• How long certain accounts have been open
  • How long it has been since you used specific accounts
  • Although you cant turn back time and create a credit history earlier, you can strengthen this factor by keeping older accounts open and in good standing.

    What Are Older Fico Models

    What is My FICO Credit Score?

    FICO 8 and 9 arent the only versions in use. Some lenders and industries use older versions like FICO 2, 4, and 5. In fact, these are still used by the mortgage industry when assessing creditworthiness for new mortgages and deciding on interest rates.

    FICO 2, 4, and 5 are very similar. The main differences between the three is that 2, 4,and 5 use data from Experian, TransUnion, and Equifax respectively. Mortgage lenders pull one of each and compile the reports in a document called a Residential Mortgage Credit Report. Duplicate data is screened and removed, and the middle score of the three is picked to represent your worthiness to pay back the mortgage.

    FICO 8 and 9 use data from a single credit bureau, so using FICO 2, 4, and 5 together gives mortgage lenders a more complete view of your creditworthiness because they can see the history of every account youve opened. This is especially helpful for mortgage lenders as many creditors don’t report account history to all three credit bureaus.

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    Why Is There More Than One Fico Scoring Version

    The first broad-based credit bureau scores were introduced by FICO more than 30 years ago, helping to expand access to credit in a trusted, responsible and objective manner. Needless to say, a lot has evolved since the FICO Scores were first introduced, from the role of consumer credit in this U.S. economy to evolving consumer credit practices and behaviors to enhanced modeling tools and new data.

    Not to mention, different types of lenders base their decisions on varying degrees of the five factors that make up the common FICO® Score blueprint. What matters to a mortgage lender might not be as crucial to a credit card issuer, while a bank issuing you a car loan might be interested in some other aspects of your financial behavior.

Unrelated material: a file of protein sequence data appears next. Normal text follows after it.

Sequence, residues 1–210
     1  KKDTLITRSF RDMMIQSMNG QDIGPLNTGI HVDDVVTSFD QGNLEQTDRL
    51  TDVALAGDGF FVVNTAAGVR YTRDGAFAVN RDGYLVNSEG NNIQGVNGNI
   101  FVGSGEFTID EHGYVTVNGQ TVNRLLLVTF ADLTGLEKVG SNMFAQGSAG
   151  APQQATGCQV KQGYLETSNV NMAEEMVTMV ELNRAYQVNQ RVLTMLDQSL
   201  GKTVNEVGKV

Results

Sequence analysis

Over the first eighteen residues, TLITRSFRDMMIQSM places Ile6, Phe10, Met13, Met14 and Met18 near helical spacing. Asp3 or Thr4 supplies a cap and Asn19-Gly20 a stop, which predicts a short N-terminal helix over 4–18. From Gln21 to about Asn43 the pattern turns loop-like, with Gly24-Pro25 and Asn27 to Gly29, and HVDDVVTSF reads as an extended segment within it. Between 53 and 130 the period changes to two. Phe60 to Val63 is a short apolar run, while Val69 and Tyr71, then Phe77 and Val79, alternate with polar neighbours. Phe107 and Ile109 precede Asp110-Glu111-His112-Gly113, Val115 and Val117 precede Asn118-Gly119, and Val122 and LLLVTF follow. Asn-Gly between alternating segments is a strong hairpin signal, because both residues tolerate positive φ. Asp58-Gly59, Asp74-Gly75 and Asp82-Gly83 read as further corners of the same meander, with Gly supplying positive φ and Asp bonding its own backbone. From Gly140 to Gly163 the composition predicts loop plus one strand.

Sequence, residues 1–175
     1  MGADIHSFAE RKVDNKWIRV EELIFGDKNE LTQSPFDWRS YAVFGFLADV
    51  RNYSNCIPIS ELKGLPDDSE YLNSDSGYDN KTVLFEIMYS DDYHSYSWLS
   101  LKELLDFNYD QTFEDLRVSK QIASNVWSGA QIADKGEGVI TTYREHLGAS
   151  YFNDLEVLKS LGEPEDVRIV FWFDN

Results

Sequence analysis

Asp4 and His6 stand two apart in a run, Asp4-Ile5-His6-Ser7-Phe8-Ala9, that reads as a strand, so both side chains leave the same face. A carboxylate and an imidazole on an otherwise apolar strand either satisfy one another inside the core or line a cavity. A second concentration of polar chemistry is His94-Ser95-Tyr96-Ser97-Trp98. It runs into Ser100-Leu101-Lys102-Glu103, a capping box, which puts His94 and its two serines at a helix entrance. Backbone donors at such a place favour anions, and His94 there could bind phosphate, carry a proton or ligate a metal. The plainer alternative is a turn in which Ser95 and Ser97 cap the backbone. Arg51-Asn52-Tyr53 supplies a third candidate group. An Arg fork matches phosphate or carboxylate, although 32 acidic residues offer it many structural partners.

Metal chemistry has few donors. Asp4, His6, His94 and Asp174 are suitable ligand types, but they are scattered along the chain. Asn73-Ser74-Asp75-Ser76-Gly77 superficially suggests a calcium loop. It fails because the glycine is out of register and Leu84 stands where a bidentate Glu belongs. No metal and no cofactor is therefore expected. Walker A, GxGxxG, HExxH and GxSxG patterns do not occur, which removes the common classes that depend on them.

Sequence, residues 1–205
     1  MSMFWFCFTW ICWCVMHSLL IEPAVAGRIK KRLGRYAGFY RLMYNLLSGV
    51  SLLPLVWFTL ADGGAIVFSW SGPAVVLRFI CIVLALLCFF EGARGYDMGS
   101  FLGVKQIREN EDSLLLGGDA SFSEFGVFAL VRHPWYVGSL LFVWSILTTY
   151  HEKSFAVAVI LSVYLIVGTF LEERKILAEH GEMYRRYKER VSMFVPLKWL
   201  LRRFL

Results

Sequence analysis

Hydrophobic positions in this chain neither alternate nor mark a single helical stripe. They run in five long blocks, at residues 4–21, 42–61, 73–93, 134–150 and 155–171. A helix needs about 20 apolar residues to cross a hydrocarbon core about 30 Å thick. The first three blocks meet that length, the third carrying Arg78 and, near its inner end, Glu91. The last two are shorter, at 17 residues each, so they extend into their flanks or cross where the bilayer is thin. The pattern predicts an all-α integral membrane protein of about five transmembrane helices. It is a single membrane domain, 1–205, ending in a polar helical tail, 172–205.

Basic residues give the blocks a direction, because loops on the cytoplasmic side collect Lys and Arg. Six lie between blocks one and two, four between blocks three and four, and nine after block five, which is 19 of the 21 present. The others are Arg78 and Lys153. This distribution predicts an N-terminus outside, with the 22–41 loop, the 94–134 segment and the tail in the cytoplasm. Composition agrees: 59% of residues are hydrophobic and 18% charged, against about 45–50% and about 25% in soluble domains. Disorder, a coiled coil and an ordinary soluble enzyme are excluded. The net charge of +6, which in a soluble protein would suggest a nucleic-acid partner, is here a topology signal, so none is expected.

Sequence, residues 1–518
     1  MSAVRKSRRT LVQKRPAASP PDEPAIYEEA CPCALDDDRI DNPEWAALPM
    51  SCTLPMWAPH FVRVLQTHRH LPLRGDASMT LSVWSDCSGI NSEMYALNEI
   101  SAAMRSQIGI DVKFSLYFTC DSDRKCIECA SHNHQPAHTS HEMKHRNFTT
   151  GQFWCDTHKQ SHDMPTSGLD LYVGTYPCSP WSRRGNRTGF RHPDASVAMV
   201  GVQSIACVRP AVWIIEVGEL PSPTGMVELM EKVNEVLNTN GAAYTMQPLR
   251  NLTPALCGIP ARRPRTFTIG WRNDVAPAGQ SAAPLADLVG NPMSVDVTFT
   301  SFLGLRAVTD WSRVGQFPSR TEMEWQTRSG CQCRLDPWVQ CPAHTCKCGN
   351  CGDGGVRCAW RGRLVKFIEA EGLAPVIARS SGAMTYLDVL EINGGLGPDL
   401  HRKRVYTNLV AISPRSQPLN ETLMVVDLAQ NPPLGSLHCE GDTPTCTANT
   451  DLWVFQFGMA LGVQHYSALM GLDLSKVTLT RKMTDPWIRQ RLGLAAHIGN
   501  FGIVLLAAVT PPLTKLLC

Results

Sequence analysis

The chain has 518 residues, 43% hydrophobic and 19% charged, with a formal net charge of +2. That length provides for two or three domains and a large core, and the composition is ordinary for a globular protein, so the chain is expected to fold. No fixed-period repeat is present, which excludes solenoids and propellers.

This has resulted in multiple FICO scoring versions being supported in the market that address various lender and consumer needs. Each lender determines which FICO Score version it will use when evaluating a request for credit.

    Very similar to an iPhone analogy where Apple releases a new version of iPhone, you may say, I need this, and those new features are really important to me, whereas I would say, I dont really need that, Im okay with my current version, explains Tom Quinn, vice president of Scores at FICO. So, Apple has multiple versions being used by consumers and being supported. Its a similar phenomenon with FICO Scores we have lenders using different versions of the score depending on their needs.

    Why Do I Have Different Scores From Different Credit Bureaus

    FICO and other credit bureaus all use different mathematical algorithms and criteria to determine their scores. In addition, not all lenders send reports to the same credit bureaus. If you pay a credit card bill late, and that credit card company only sends its report to one bureau, your score would be lowered on just that bureaus credit report.

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    Does A Fico Credit Score Accurately Predict A Borrower’s Future Ability To Repay Debt

    FICO did a study on how well its credit scores mirrored borrowers’ risks for defaulting on their debt, and according to an analysis for the Federal Reserve, it looks like its credit score does correlate with a borrower’s ability to repay debt in the future. It looked at the actual performance of borrowers between 2008 and 2010, relative to their credit scores and found this: